Indian-origin boffin finds 54 beneficial compounds in pure maple syrup

Indian-origin boffin finds 54 beneficial compounds in pure maple syrupWashington, March 31: An Indian-origin scientist has discovered 34 new beneficial compounds in pure maple syrup and confirmed that 20 compounds discovered last year in preliminary research play a key role in human health.

Navindra Seeram, an assistant pharmacy professor at the University of Rhode Island, said that his URI team has now isolated and identified 54 beneficial compounds in pure maple syrup from Quebec, five of which have never been seen in nature.

"I continue to say that nature is the best chemist, and that maple syrup is becoming a champion food when it comes to the number and variety of beneficial compounds found in it," Seeram said.

"It''s important to note that in our laboratory research we found that several of these compounds possess anti-oxidant and anti-inflammatory properties, which have been shown to fight cancer, diabetes and bacterial illnesses," he said.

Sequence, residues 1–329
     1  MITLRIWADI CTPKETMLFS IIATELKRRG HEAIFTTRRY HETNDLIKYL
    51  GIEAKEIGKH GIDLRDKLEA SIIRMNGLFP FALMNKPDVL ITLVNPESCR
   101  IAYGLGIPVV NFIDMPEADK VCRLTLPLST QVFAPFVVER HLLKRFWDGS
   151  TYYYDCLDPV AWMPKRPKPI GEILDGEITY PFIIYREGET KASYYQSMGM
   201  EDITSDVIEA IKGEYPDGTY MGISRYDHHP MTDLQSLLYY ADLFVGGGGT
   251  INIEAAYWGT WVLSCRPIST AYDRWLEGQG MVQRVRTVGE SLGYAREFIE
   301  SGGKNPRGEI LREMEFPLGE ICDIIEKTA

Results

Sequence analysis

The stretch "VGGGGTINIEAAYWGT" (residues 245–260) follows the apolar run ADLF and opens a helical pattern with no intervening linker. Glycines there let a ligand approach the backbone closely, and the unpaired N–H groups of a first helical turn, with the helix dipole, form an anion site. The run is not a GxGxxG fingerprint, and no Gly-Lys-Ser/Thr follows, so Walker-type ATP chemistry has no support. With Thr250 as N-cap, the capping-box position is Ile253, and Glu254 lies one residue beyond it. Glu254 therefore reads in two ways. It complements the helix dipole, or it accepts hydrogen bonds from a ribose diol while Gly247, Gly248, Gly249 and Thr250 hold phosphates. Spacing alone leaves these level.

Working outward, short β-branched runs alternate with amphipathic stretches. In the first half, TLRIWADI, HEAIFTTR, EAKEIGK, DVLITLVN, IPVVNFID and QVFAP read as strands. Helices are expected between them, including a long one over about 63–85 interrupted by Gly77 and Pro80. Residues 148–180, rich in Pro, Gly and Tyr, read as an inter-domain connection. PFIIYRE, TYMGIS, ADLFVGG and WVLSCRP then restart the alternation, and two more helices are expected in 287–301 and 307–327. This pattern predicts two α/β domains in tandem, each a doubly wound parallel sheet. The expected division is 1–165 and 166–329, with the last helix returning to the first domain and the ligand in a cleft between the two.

These discoveries of new molecules from nature can also provide chemists with leads that could prompt synthesis of medications that could be used to fight fatal diseases, he added.

As part of his diabetes research, Seeram has collaborated with Chong Lee, professor of nutrition and food sciences in URI''s College of the Environment and Life Sciences.

The scientists have found that maple syrup phenolics, the beneficial anti-oxidant compounds, inhibit two carbohydrate hydrolyzing enzymes that are relevant to Type 2 diabetes management.

Among the five new compounds is Quebecol, a compound created when a farmer boils off the water in maple sap to get maple syrup. It takes 40 litres of sap to make 1 litre of syrup.

"Quebecol has a unique chemical structure or skeleton never before identified in nature," Seeram said.

"I believe the process of concentrating the maple sap into maple syrup is what creates Quebecol. There is beneficial and interesting chemistry going on when the boiling process occurs. I believe the heat forms this unique compound," he said.

Seeram said he and his team chose the common name of Quebecol for the new compound to honor the province of Quebec in Canada, which leads the worldwide production of maple syrup

The findings were presented at the 241st American Chemical Society''s National Meeting in Anaheim, Calif. (ANI)

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